Reclaiming the Roots of Winemaking in Chile

The Maule Valley

With crisp Sauvignon Blancs and cool-climate Pinot Noirs from the Casablanca Valley as its poster children, Chile is steadily gaining traction in the international wine arena. The Central Valley sees thousands of thirsty visitors each day who come to discover the secrets of Winemaking in Chile.
For those willing to venture a little further afield, it’s not too late to witness a fledgling movement just taking wing.  Maule is a largely undeveloped agricultural region just south of Colchagua. Independent winemakers are turning to the stripped-down practices dating back more than a hundred years for inspiration. This search for simplicity has led to a rediscovery of traditional methods and forgotten grapes, yielding astoundingly fresh and modern results.
Price Per Person $2,436


Day 01

Travel 3.5 hours south to the Maule Valley, stopping for lunch at the historic Casa Silva winery and then a tasting at Gillmore Winery & Vineyards. Settle into Casona Mingre with a premium tasting and a traditional Chilean dinner, followed by a starlit soak in the oversized hot tub.

Day 02

Start the day off with a mid-morning tour and tasting at El Viejo Almacén de Sauzal, located in the tiny six-block-long town of Sauzal. Round out the afternoon at Count Francesco Marone Cinzano’s Caliboro Reserve, sipping dry-farmed wines, from varieties not historically associated with Chile such as Cabernet Franc, Barbera, Garnacha (Grenache) and Mourvedre.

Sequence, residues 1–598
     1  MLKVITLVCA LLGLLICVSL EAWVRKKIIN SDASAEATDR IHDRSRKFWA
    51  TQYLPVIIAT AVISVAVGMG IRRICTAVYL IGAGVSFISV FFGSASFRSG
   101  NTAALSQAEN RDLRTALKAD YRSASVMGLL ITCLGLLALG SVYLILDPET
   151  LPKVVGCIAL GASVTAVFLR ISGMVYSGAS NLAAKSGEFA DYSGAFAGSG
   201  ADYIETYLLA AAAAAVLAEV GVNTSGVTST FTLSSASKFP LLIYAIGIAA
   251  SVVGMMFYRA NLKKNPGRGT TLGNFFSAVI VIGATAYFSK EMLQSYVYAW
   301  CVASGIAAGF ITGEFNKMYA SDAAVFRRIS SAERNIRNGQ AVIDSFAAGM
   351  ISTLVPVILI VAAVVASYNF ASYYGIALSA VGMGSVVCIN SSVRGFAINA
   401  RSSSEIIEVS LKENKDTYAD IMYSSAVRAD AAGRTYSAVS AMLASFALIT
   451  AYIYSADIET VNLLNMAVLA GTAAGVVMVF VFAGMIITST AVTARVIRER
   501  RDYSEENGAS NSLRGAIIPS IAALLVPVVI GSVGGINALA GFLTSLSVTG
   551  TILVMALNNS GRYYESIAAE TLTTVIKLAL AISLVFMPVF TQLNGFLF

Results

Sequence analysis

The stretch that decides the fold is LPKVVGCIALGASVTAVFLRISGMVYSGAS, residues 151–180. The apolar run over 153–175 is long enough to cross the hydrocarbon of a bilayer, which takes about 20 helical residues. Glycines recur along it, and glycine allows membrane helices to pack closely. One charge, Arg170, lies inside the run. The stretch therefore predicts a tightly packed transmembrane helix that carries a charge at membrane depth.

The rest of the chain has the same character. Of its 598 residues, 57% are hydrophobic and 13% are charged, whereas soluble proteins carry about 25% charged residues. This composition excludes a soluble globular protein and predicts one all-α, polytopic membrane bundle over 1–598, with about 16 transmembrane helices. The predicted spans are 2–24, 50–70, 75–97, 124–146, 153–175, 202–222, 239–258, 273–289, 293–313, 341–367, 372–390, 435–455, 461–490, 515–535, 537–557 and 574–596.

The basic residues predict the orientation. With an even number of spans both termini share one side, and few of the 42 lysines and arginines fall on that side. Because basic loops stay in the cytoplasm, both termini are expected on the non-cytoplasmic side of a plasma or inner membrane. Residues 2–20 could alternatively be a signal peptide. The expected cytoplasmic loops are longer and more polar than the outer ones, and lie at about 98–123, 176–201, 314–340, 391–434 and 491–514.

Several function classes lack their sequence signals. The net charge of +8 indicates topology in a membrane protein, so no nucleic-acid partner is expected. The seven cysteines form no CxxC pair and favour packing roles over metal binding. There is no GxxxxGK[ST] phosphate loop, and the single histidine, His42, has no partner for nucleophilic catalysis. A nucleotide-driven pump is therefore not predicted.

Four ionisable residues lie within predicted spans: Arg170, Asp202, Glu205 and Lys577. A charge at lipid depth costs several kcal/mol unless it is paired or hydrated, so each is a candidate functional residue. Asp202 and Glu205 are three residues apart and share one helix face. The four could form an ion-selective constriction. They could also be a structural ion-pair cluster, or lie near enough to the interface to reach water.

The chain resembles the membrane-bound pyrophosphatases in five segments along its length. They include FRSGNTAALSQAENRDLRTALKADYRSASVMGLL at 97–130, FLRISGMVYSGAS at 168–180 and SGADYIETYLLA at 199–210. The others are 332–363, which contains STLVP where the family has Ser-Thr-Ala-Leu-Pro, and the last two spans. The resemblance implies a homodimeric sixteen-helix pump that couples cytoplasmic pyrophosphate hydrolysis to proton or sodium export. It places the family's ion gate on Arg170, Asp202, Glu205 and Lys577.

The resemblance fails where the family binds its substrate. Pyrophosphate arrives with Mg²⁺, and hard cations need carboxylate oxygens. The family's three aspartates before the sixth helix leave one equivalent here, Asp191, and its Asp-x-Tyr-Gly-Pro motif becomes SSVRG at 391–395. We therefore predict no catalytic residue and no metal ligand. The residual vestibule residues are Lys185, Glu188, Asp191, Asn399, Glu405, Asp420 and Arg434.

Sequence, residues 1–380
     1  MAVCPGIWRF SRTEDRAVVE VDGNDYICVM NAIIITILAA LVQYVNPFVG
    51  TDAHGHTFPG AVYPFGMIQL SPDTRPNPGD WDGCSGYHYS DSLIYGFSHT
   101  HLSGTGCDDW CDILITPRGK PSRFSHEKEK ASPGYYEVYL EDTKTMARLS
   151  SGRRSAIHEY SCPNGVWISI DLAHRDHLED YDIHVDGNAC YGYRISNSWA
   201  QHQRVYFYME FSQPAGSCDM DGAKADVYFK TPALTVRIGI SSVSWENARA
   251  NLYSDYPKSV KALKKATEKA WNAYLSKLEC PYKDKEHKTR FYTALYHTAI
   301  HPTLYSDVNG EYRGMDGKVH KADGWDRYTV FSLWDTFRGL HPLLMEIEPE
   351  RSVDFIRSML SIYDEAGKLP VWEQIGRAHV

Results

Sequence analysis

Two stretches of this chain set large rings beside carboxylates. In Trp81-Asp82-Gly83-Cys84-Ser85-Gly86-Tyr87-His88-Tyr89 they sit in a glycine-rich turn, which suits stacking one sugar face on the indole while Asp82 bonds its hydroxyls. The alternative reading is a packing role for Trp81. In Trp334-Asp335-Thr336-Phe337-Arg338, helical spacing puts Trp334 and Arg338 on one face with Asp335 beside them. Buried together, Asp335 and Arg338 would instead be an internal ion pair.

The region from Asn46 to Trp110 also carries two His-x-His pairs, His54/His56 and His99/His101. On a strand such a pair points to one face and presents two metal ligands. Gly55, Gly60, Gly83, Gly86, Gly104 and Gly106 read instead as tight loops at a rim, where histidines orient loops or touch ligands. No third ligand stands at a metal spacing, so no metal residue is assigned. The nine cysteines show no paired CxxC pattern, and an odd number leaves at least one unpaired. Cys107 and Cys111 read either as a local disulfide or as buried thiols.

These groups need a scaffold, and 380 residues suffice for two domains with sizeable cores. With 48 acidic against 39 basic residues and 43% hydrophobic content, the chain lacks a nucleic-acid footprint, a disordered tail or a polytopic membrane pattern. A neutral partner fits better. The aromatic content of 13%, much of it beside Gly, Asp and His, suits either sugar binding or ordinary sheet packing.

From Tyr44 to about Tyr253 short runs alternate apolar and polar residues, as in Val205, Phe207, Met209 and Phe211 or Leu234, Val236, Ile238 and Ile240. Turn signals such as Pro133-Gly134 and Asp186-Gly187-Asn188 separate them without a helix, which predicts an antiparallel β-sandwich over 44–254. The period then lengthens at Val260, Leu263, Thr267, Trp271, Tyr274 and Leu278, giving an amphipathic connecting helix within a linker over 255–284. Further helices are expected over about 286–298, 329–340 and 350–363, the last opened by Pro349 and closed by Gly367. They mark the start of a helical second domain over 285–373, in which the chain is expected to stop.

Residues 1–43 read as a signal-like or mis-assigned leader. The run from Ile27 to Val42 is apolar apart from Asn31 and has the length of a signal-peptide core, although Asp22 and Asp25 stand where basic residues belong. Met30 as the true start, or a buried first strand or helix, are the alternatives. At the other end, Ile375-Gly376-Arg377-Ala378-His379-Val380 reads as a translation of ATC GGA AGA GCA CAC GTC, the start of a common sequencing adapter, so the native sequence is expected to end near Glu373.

Day 03

Cross the tracks of Chile’s last narrow gauge railway to Viña Gonzalez Bastías, which retains a sense of yesteryear and makes three of its four wines with Uva País. Come mid-afternoon, head back to the Casona Mingre and tour Bouchon Family Wines.

Day 04

After a hearty farewell breakfast at Mingre, head north toward Santiago and visit the Altair vineyards for a leisurely tour of the beautifully planted grounds and a tasting over lunch. Say goodbye to the wine country and head back to Santiago.

Featured Property

Located on the private family estate of winemaker Julio Bouchon and family, Mingre is a colonial hacienda dating back to the mid-19th century. Visiting Mingre is like taking a step back in time to colonial Chile, where traditions thrive and huasos are still commonly seen on horseback. Activities like mountain biking and horseback riding are available and recommended, and the hacienda’s unique wine barrel, wood-stove heated hot tub is a must.

Casona Mingre Guest House

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